People’s campaign begins: Transform Vancouver’s bylaws

In Uncategorized on March 10, 2013 at 9:07 am

March 9, 2013 marks Day One of a people’s campaign to transform Vancouver’s noise and building bylaws — to better protect the health, safety, and quality of life of citizens living near demolition and construction sites. We encourage neighbours near every major construction site to set up a blog to share information among neighbours, and compensate for the lack of communication and engagement from the City, property owner, and contractors. Anyone is free to copy from this site and make improvements. We also encourage inter-connection among such initiatives.

We are witnessing system failure. It is really only by working together that neighbours are able to look after the livability and quality of life in their own neighbourhoods. This case at 1401 Comox is a poster child for many flaws and biases in the current consultation, rezoning, development, and construction paradigm in Vancouver.

Vancouver’s regulations are decades out of date, and severely substandard when it comes to balancing the interests of construction companies versus the interests of residents in communities. The Westbank/Peterson/Henriquez project to build a 22-story tower at 1401 Comox, on the former site of St John’s Church, is a test case, a poster child, that will bring in some of the region’s biggest developers and most prominent architects, the top industry organization (Urban Development Institute), politicians and City staff. Legislation will be improved. Industry guidelines and company practices will have to change so that Vancouver can one day claim it is a world leader in best practices for protection of its citizens and neighbourhoods. Today, we are far from that spot.

To achieve success, the involvement of many people in communities around the city will be essential.

Stay tuned for more. See related material on CityHallWatch.


Vancouver’s West End is currently undergoing a community plan, to guide development here for the next several decades. Official information is at www.vancouver.ca/westendplan. Though it has not been discussed publicly, the City reportedly has plans to add thousands of new residents here. The Downtown Eastside, Grandview-Woodland, and Marpole are undergoing community plans too. Major policy text will be nearly completed by the summer of 2013, with only minor tweaking before policies are adopted by Council in autumn 2013.

The West End has the highest population density of any neighbourhood in Vancouver.

Persons per hectare draft graph, Vancouver, 3-Mar-2013This is a mature, existing community — unlike Yaletown and Coal Harbour where massive development came to what was previously industrial land. Should Vancouver Mayor and Council introduce amendments to Vancouver bylaws to respect communities better? Is special consideration needed for densely-populated communities? Should the industry engage in dialogue with communities to develop a best-practices guide that goes beyond the minimum regulations encoded in the Noise Bylaw and Building Bylaw?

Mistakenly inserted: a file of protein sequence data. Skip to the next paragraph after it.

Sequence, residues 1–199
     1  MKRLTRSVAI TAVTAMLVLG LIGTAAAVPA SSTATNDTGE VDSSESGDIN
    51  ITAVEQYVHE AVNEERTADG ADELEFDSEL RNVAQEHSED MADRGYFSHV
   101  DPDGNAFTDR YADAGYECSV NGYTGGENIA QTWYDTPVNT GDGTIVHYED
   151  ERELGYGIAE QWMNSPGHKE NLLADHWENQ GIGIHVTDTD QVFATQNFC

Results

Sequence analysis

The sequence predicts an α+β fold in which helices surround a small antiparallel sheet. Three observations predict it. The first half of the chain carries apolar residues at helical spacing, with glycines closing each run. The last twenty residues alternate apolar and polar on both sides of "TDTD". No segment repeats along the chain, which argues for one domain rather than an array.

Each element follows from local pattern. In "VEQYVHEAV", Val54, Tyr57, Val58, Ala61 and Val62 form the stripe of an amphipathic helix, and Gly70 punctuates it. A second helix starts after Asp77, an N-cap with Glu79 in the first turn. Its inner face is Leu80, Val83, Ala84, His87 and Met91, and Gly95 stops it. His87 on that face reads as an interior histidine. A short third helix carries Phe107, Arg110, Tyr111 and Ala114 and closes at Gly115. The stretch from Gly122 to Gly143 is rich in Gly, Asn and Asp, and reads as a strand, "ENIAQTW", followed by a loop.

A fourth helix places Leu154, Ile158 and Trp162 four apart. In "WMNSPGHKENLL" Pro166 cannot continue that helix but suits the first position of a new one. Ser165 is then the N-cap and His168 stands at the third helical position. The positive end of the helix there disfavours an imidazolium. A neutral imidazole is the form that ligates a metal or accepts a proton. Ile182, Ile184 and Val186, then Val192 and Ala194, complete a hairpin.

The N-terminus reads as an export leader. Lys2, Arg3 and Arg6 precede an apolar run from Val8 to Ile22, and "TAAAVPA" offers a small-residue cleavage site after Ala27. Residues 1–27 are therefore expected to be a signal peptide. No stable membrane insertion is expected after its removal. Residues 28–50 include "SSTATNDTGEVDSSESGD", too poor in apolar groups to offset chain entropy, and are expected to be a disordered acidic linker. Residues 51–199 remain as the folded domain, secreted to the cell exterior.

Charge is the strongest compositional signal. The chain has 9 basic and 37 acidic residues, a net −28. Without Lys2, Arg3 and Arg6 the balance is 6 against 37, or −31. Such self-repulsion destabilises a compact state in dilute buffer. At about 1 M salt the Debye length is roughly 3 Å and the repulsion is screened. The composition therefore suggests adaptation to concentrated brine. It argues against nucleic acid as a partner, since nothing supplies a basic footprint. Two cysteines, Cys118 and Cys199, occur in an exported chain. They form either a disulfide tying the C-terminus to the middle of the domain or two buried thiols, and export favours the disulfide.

Westbank Projects Corp. is one of the most favoured developers in the Vancouver, with many major tower projects already approved, now under construction, or awaiting approval. Now in the pipeline for approval is one at 2220 Kingsway. Just approved was a precedent-setting tower in Chinatown on Main Street. One well along the way is at 1569 West 5th Avenue in Kitsilano. Oakridge Mall renovation. Telus Gardens. The B.I.G. tower being proposed for Beach and Pacific, beside an off-ramp of the Granville Bridge. More towers at 70th and Granville. Another at 1412 Howe Street. And many more. This company’s CEO, Ian Gillespie, can do better to show his ability to respect the communities that are home to his projects. His financial partner, Ben Yeung of Peterson Investment Group, and Gregory Henriquez, architect in many Westbank projects, also need to be involved in making positive change happen. As a leading developer in Vancouver and guest in so many neighbourhoods of Vancouver, naturally the firm will be proud one day to have written policies and guidelines in place making it a world leader in every aspect of neighbourhood engagement. But a lot of work remains for everyone. And only the public really has an inherent incentive to make this all happen. So let us begin.

Should City Council make future approvals conditional on better behaviour in current and future project applications? Absolutely, yes. Write your elected officials at mayorandcouncil@vancouver.ca and let them know what you think. These issues need to go to the top.

  1. How about ensuring that Vancouver Councillors comply with the Vancouver Charter in granting rezonings?

    Rezonings are restricted under the following enumerated and inclusive conditions:

    565A. Council may make by-laws …
    (e) providing for relaxation of the provisions of a zoning by- law or a by-law prescribing requirements for buildings where
    (i) enforcement would result in unnecessary hardship,
    (ii) Council determines that the proposed development would make a contribution to conserving heritage property,
    (iii) Council determines that the proposed development makes provision for public space or activities,
    (iv) Council determines that the proposed development makes provision for low cost housing for persons receiving assistance, or
    (v) the proposed development is in relation to a special event, as designated by Council by by-law or resolution.

    A half dozen subsidized SAFER units for just 5 years in a project of 186 otherwise market units does NOT comply with the spirit or letter of 565A.(iv). This project–and others like it–is simply unconstitutional under the Vancouver Charter, a violation of the most basic and central of civic laws.

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